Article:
Wednesday, February 1, 2012

Frankenstein and the Hero of Our Time

I mentioned in class the other day the similarities I noticed in structure of Hero of Our Time and Frankenstein. Frankenstein is perhaps the best known Romantic novel, and was published in 1818, about 20 years before Hero of Our Time. While I can't be certain that Lermontov read Frankenstein or used ideas from it, (I didn't find any comparisons of the two) I still found it striking and wanted to write my post about the parallels of the two novels.

Frankenstein opens with Captain Walton, a young man on an arctic expedition; he is telling the tale through a series of letters to his sister, Mary. Walton, it is important to note, is a failed poet/writer, who is now searching for success/glory through his expedition. He is much like our unnamed narrator in this way. His ship finds Victor Frankenstein, on the verge of death, and they take him in. As Victor recovers he bonds with Walton and tell him the story of his life. The main piece of Victor's tale is the creation of his monster. After months/years of relentless pursuance, the very moment that Victor succeeds in creating life is the moment he rejects his creation. I found this to be very much like Pechorin's rejections of women once he has won them over.

After creating and abandoning his monster, Victor is sick for a long time. He is nursed by his friend Henry Clerval, who aligns fairly closely with Doctor Werner. He returns home after the news of his young brother's death, sees the monster while walking, and confronts him. The monster then begins his tale, which is quite similar in a way to "Taman." The monster finds a cottage in the woods that hold a family that he becomes infatuated with. He reads and becomes intelligent. Wanting to be part of this group he approaches the blind father while the children are away, but the children return early and chase him out. In his wrath the monster burns their home and leaves. Again, this doesn't completely align, but I was struck by the similar details of cottages and blindness, as well as the reaction to the monster. Pechorin, I think, often feels like/sees himself as an "other," and his attempts to discover the smuggler group end in disaster for them.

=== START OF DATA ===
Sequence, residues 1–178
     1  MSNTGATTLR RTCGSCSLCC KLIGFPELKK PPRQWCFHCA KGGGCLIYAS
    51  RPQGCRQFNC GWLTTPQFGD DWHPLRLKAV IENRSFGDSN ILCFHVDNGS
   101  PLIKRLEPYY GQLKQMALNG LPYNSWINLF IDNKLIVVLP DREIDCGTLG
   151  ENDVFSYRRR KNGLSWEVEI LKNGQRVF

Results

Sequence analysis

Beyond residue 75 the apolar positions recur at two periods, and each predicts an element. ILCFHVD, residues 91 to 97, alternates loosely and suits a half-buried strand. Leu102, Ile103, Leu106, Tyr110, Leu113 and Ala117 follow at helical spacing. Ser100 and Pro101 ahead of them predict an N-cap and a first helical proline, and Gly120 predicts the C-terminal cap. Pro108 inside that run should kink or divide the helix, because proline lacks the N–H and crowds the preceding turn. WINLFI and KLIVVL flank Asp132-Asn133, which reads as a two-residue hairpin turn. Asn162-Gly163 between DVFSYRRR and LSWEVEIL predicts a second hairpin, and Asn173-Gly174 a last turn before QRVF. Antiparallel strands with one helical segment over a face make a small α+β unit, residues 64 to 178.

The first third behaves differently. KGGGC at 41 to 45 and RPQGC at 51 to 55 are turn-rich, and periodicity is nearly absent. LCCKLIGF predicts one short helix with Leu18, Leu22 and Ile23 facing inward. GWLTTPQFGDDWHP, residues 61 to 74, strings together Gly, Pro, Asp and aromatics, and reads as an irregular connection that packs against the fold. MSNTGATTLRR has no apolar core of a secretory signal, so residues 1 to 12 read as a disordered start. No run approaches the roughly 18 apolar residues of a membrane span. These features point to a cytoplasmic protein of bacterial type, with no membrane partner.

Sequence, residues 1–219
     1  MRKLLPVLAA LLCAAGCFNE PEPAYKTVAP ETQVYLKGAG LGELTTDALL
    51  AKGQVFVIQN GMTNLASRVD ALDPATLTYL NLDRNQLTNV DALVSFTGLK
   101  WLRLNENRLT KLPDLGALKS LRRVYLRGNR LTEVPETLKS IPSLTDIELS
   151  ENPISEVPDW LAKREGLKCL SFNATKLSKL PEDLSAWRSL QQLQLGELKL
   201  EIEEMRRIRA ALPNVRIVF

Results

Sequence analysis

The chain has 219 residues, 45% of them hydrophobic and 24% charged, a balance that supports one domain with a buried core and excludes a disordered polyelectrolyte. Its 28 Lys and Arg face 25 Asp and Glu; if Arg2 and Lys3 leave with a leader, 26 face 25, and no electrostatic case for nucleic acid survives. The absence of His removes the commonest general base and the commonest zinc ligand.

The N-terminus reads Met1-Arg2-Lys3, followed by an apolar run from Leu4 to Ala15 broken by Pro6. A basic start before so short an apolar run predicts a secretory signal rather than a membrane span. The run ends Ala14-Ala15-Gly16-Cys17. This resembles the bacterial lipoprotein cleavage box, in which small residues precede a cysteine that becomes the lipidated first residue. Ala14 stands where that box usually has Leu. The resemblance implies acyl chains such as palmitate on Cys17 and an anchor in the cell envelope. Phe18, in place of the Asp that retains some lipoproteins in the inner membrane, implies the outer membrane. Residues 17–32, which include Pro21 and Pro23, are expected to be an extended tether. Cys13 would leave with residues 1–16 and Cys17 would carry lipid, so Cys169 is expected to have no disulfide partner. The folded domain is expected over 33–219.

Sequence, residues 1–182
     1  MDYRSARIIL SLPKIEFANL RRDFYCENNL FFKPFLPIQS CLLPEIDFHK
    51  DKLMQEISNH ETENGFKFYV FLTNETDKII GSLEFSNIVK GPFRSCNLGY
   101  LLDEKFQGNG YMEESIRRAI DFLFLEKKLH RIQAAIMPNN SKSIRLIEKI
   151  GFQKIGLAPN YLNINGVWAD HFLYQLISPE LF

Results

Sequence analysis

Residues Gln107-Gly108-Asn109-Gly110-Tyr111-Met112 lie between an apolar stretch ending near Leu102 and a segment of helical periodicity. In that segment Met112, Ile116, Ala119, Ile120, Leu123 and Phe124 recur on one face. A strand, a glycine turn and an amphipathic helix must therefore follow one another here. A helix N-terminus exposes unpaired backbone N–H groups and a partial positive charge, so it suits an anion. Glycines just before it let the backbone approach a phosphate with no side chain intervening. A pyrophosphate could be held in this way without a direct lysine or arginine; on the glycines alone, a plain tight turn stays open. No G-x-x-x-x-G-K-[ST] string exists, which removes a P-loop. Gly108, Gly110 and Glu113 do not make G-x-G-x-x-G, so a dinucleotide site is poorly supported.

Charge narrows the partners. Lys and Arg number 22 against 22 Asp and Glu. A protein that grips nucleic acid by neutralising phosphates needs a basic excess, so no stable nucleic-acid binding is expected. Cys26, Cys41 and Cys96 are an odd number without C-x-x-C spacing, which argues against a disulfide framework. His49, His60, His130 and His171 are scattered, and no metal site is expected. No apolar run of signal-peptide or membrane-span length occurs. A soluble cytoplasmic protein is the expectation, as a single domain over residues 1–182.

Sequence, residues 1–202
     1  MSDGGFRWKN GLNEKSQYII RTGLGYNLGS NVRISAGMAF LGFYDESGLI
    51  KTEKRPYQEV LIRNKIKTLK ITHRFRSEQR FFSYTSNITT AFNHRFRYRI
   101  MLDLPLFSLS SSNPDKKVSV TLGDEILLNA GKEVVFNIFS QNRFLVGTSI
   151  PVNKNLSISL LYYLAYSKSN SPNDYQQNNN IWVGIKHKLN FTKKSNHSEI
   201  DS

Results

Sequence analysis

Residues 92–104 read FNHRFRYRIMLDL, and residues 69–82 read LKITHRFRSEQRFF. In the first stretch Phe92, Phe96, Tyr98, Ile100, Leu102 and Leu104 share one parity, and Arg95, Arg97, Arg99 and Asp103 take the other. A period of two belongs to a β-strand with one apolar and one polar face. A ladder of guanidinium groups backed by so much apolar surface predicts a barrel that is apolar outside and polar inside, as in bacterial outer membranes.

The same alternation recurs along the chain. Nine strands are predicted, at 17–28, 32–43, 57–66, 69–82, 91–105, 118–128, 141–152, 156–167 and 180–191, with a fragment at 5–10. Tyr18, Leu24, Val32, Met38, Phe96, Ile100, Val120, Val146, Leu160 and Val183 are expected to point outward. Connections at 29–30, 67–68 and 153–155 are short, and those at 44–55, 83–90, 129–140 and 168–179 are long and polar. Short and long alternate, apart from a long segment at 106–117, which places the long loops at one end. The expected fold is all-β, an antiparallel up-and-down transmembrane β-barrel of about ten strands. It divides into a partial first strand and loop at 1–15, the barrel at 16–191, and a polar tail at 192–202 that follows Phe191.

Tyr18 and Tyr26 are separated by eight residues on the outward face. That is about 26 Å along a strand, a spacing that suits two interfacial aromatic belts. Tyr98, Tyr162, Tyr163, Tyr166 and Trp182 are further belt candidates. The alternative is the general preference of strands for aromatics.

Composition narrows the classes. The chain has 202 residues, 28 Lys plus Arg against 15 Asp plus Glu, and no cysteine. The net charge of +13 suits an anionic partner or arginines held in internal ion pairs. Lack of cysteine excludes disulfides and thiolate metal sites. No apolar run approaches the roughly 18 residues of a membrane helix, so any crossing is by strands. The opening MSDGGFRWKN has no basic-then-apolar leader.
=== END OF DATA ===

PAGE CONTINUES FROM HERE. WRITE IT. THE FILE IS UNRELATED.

The final chapters of Hero of Our Time don't align as closely as the early set-up, mainly because Frankenstein takes a more traditional Romantic route: the monster demands a mate, which Victor half-makes and then destroys. The monster promises to "be with" Victor on his wedding night. In a way this threat reminds me of Pechorin's fear from the fortune he received about dying through a bad wife. Victor thinks that this means his own death, and while he searches for the monster his wife/step sister/cousin Elizabeth is murdered. Victor vows to pursue the creature to the end of the world, bringing us back to Walton and the arctic.

I think Frankenstein and Hero of Our Time play with similar themes throughout, especially the morality theme: who is the monster, Victor or the creature? There's also a tension between fate and freewill: Victor often curses his fate, but it was he who played God and who fails to take responsibility for what havoc he has created. There was one more pattern I noticed that underlines this "Otherness" I feel is shared by the monster and Pechorin: both are often seen looking through windows. Pechorin looks in through windows at Princess Mary several times, and the monster watches Victor often: while he crafts the mate, and after he has killed his wife.

Sorry this post is so long, it's hard to sum up a novel like Frankenstein quickly.


  1. I'm glad you mentioned the window theme. I thought it was interesting that Pechorin had been described more or less like a person who always gets what he wants, regardless of consequence. However, looking through a window is usually connected to feelings of loneliness, jealousy, or longing. It's an interesting juxtaposition of characteristics and perhaps is meant to soften the reader's view of Pechorin.

  2. Very interesting, Lane! I am glad you took the time to write it all out. The otherness or outside status of the monster and of Frankenstein is especially compelling. It's worth following up on, that's for sure.

  3. I think that adding details such as the window theme also add to the complexity of Pechorin. In discussion we were unable to say whether we thought Pechorin was "good" or "bad." He was more complex than, say, Shvabrin in The Captain's Daughter, who pretty much had no redeeming qualities other than being fairly intelligent, according to Pyotr.